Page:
Without getting into the nitty-gritties, I contacted the BC government on this issue. They ended up responding to my complaint with an inaccessible PDF (one that was scanned as a picture, so no readable text for a screen reader), which said – basically – that since I didn’t have a piece of plastic (whether issued by the government or a guide/service dog program), a business was within their rights to refuse service. They did not address the humiliating and embarrassing experience of being demanded publicly for such information and then publicly being told to leave.
Where is the outrage outside of the service dog and/or blind community? Would anyone else be expected to accept this treatment?
Last week, a news story made the rounds about a teenager with a disability who was purposefully excluded from a relative’s wedding because of her disability. The support on sites like Reddit came in fast and furious, which is awesome… but it got me to thinking: Where is the support from the public when people with disabilities are turned down for jobs (whether stated or implied) because of their disability, forced to alter their academic pursuits or undergo additional testing, find it easier to obtain resources to assist in their death than aids to live life, are killed for simply being disabled?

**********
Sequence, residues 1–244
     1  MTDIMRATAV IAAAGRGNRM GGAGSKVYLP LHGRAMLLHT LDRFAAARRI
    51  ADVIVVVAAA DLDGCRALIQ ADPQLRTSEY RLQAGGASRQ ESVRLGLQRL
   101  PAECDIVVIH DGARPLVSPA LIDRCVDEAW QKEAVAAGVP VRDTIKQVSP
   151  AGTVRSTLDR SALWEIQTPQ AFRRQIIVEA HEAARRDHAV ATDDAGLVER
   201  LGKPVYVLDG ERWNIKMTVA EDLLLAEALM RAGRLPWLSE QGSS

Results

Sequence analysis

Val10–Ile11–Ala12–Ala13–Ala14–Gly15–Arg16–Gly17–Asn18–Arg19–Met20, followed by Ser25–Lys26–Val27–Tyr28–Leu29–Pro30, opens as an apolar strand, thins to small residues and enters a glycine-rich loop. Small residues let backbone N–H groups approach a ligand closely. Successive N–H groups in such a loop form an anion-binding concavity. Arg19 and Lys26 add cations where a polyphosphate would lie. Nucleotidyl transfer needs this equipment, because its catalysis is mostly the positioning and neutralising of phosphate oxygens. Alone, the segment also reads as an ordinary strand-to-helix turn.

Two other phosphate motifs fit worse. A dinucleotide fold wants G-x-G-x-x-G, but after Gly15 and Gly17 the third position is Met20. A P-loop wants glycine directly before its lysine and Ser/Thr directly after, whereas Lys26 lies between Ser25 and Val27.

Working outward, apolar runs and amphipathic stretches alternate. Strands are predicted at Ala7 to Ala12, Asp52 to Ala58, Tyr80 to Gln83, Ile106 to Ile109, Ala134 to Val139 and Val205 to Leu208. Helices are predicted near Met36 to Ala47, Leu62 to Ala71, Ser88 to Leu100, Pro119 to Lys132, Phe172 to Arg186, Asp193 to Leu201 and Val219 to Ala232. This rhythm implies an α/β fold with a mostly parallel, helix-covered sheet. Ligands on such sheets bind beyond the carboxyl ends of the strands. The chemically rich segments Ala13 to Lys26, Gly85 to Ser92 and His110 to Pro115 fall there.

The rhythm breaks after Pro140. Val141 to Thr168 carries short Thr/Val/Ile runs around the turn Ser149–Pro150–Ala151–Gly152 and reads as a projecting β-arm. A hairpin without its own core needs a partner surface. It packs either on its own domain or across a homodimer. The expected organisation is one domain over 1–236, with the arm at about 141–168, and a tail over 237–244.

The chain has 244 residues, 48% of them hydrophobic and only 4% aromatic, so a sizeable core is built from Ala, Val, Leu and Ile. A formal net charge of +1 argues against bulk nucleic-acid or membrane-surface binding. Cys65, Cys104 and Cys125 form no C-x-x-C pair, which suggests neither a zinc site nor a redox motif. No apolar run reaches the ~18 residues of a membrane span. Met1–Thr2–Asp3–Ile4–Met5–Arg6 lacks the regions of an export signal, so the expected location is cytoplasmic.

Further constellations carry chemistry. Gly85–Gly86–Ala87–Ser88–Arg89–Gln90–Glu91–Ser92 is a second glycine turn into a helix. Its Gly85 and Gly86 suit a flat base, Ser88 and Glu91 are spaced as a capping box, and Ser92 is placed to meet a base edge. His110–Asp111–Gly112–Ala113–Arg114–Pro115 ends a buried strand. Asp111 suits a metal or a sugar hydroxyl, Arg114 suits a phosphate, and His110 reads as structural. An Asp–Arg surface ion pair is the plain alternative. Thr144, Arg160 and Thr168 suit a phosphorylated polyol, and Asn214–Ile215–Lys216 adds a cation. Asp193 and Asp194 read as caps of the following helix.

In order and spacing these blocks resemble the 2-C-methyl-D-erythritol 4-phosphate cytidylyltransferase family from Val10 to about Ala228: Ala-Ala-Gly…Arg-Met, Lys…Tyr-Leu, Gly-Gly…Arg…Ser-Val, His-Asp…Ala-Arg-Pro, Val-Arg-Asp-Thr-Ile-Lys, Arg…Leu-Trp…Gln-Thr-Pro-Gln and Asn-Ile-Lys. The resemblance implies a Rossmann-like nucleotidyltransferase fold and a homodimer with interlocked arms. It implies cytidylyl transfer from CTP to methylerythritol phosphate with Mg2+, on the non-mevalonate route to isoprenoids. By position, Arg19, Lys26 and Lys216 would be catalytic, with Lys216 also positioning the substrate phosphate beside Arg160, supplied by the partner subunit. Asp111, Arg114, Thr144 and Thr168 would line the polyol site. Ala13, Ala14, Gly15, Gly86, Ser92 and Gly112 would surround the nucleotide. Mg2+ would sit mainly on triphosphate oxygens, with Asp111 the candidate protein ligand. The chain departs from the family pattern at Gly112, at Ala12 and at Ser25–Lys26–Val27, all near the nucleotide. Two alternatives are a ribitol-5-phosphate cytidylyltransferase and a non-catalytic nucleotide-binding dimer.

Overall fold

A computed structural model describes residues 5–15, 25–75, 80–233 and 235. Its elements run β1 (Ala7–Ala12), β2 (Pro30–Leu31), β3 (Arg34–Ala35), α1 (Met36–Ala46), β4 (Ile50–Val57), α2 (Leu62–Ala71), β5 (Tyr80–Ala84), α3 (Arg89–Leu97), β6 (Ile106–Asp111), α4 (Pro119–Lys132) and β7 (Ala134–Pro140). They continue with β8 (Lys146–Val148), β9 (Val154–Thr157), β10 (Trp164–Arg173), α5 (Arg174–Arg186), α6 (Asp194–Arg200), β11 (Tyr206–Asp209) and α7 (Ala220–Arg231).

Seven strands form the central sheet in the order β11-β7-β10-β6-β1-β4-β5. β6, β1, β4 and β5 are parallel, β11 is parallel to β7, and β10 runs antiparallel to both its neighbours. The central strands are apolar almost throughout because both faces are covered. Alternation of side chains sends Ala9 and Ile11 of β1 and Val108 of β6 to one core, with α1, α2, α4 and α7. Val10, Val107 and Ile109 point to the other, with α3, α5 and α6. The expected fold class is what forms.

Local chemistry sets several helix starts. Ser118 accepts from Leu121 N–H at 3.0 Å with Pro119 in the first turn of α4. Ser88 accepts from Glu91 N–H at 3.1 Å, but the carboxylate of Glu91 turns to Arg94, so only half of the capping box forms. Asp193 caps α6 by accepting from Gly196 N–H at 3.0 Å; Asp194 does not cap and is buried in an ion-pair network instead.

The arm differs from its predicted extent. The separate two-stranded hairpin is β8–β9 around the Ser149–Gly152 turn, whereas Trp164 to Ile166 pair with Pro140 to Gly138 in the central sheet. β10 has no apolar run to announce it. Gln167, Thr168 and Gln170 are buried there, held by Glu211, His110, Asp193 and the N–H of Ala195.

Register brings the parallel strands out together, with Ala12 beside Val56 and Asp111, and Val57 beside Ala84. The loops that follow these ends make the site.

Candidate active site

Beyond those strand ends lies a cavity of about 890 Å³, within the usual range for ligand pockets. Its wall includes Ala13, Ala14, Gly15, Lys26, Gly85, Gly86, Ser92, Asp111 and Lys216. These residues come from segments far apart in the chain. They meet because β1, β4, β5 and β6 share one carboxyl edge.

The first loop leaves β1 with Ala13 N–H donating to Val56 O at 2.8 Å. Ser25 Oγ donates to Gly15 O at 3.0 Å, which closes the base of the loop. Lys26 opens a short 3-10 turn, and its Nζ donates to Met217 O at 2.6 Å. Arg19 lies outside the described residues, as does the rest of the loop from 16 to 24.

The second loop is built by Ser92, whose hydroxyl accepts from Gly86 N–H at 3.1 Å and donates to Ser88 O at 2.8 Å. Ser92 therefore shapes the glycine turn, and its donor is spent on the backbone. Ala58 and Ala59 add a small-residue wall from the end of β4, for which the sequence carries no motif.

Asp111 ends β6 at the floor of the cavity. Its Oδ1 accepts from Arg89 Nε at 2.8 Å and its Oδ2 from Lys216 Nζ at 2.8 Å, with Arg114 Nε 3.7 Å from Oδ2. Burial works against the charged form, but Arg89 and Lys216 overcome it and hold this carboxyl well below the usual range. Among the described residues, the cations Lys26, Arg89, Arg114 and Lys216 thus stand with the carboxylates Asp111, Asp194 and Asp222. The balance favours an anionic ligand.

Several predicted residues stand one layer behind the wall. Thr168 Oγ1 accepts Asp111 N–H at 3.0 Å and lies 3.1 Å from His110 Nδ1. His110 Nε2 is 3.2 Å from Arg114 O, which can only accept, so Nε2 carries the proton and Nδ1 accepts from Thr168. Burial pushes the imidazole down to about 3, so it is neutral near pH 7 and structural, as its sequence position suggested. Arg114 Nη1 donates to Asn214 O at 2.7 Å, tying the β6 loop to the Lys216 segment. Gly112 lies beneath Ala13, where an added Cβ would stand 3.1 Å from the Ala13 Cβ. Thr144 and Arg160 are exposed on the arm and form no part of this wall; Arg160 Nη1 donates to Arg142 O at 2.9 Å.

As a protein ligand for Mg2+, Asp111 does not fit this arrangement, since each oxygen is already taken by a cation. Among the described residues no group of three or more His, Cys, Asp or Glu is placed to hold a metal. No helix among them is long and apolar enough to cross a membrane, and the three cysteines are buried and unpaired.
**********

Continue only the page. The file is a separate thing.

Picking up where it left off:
There is open discrimination in the world – being told you won’t get a job because of your disability (yes, this happens). There is invisible discrimination where it’s implied by the subtext of a conversation or interaction that your presence, request, or concern is not wanted or valid (yes, this happens, too). There is violence against the disabled as can be evidenced by interactions with police, the murder in Japan last week, or by cultures who view disability as a curse on a family. While disability can have its own limitations (at this point, I won’t be driving a car anytime soon); but I believe that it’s not disability that holds us back as much as perceptions and demands of others. To some, not eating at that particular restaurant may be a “little thing”, and I suppose it’s true because we had other options. But what if we didn’t? Maybe that young girl loved her aunt and really wanted to be at her wedding for that special day, and she got slapped in the face because of a perception of what she could and couldn’t do. Judging by the amount of tense family gatherings I’ve witnessed and heard of, discrimination – even by a family member – is a pretty big deal. And how big a deal is open or invisible discrimination in the job hunt when it directly impacts one’s ability to make a living and contribute to a local, national or even global economy? And if we can’t access facilities like everyone else, attend family functions, obtain employment if we have the desired qualifications and skills, do we reach a tragic end because we just don’t belong? To quote a friend of mine, I’ve been gifted a double portion of stubborn. Maybe this will help me, maybe it will help others. It’s never “just about a restaurant” when you’re made to feel scrutinized for simply walking or rolling through the door. It’s never “just one day” when you get told that you, specifically, are not welcome at a celebration, but your whole family can come along now. It’s never “just one job” when you get told there’s no way you can do job tasks you’ve honed over years of practice and hard-won experience.